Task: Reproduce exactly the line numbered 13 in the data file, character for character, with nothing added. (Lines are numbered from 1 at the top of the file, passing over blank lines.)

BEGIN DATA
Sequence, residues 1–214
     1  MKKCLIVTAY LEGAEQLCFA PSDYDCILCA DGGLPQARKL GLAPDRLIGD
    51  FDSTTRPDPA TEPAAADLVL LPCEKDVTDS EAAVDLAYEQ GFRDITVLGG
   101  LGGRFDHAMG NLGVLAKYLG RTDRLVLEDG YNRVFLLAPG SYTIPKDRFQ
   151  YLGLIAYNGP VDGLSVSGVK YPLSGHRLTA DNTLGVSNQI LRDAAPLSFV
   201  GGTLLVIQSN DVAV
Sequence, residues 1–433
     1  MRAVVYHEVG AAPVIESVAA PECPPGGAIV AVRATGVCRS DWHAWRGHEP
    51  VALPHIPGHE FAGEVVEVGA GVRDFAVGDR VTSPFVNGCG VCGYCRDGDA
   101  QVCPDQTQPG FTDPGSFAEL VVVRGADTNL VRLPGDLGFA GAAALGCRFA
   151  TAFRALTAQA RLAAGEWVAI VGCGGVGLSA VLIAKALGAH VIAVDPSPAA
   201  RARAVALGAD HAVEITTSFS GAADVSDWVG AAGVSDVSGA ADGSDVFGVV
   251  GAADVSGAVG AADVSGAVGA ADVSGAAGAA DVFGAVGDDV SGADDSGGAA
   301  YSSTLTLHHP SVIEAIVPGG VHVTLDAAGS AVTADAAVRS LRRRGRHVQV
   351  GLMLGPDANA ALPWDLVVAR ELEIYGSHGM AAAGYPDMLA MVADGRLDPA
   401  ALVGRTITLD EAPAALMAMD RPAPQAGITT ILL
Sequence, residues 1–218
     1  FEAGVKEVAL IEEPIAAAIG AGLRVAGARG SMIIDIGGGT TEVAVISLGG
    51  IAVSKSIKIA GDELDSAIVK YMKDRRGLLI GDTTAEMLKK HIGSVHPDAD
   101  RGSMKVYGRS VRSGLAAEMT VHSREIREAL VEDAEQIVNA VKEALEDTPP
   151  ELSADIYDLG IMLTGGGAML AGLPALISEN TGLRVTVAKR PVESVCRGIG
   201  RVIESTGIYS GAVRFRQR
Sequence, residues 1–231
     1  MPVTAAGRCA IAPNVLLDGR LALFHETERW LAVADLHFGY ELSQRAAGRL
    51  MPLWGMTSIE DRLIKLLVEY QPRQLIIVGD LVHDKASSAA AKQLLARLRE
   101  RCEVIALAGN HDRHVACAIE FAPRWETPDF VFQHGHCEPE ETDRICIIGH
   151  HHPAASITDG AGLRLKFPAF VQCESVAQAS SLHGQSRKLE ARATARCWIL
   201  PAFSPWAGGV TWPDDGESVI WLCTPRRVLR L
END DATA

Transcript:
   251  GAADVSGAVG AADVSGAVGA ADVSGAAGAA DVFGAVGDDV SGADDSGGAA